Can seeing a chiropractor reduce the need for lumbar discectomy?

Can seeing a chiropractor reduce the need for lumbar discectomy

Can seeing a chiropractor reduce the need for lumbar discectomy?

Lumbar disc herniations (LDH) are relatively common and certainly something you will encounter in practice. These patients require a comprehensive clinical workup, with careful consideration to the best plan of management.

LDH involves a focal displacement of intervertebral disc material beyond the normal limit of the disc margin, which may lead to compression of one or more nerve roots, resulting in lumbosacral radiculopathy (LSR). Clinical features of LSR include radiating lower extremity pain, sensory disturbances in a predictable pattern, weakness, and/or diminished muscle stretch reflexes. Both conditions (LDH or LSR) are common reasons for patients to receive chiropractic care or surgical intervention in the form of a discectomy.

Chiropractors may use various modalities to treat LDH/LSR, but it is common to use chiropractic spinal manipulative therapy (CSMT), which has been shown to be beneficial for treating these conditions. American and international practice guidelines recommend CSMT for low back pain and LSR.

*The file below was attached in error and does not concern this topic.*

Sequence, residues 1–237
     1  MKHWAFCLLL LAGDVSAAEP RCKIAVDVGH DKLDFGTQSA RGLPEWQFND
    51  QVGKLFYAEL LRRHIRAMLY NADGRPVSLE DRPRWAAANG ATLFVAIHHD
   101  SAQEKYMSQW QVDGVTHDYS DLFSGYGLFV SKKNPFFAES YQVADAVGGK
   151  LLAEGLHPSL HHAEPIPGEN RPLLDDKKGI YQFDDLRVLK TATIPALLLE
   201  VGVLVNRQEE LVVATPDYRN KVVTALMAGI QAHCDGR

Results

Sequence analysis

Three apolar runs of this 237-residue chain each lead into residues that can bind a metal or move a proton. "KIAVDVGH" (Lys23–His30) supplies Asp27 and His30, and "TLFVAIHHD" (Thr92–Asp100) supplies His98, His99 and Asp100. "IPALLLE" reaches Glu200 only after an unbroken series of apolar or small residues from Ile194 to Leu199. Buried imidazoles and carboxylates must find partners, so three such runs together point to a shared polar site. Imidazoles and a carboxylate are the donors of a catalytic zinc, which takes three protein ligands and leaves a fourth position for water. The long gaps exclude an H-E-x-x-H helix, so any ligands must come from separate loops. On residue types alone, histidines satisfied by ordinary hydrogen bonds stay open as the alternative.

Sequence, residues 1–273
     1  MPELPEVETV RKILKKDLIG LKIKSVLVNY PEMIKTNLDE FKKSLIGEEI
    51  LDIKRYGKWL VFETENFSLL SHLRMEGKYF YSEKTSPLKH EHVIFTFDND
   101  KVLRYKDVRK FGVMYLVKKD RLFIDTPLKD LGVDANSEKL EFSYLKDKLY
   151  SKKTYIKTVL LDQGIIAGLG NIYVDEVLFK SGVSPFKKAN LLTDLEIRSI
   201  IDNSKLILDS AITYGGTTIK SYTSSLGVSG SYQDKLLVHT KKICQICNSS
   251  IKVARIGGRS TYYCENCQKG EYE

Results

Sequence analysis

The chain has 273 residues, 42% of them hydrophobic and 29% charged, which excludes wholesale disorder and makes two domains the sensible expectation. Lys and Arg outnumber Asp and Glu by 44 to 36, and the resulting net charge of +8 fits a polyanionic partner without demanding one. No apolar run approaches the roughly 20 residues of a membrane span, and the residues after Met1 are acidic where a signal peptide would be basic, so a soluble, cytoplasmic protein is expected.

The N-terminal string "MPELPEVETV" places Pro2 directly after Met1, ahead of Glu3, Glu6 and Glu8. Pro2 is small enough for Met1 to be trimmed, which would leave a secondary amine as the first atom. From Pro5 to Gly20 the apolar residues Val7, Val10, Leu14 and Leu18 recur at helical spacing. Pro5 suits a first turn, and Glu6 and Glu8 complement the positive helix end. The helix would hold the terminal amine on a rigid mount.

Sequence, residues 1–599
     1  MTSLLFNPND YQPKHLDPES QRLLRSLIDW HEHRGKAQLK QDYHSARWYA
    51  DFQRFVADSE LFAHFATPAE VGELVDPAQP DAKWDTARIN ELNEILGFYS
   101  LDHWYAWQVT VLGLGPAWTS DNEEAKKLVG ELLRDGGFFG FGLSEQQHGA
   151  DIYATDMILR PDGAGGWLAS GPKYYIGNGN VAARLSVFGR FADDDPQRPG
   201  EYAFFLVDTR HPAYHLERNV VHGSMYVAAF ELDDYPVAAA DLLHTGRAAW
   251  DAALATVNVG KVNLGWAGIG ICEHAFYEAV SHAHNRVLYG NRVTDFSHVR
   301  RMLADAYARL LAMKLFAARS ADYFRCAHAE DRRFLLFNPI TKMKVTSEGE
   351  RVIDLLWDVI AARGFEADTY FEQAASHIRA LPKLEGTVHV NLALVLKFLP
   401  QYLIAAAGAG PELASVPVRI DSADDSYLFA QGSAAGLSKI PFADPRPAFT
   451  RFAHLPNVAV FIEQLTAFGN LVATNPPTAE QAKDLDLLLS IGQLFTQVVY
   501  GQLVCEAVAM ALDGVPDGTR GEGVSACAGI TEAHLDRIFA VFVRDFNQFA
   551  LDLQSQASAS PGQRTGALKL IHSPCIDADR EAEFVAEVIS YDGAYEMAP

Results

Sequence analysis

Severe neurologic deficits and/or caudal equine syndrome (CES) are absolute indications for lumbar discectomy, while continued pain despite conservative treatment that affects quality of life is a relative indication. For patients without absolute indications, early discectomy can provide short-term benefits, however, long-term outcomes at 1-2 years are similar to those receiving conservative care.

While prior studies have looked at the association between chiropractic care and lumbar spine surgery, they have looked at broader populations and/or outcomes. This study aimed to examine the association between CSMT for newly diagnosed LDH and/or LSR and the odds of lumbar discectomy over 1-year and 2-year follow-up windows.

RESEARCH REVIEW: “Association Between Chiropractic Spinal Manipulation and Lumbar Discectomy in Adults with Lumbar Disc Herniation and Radiculopathy”

This paper was published in BMJ Open (2022).

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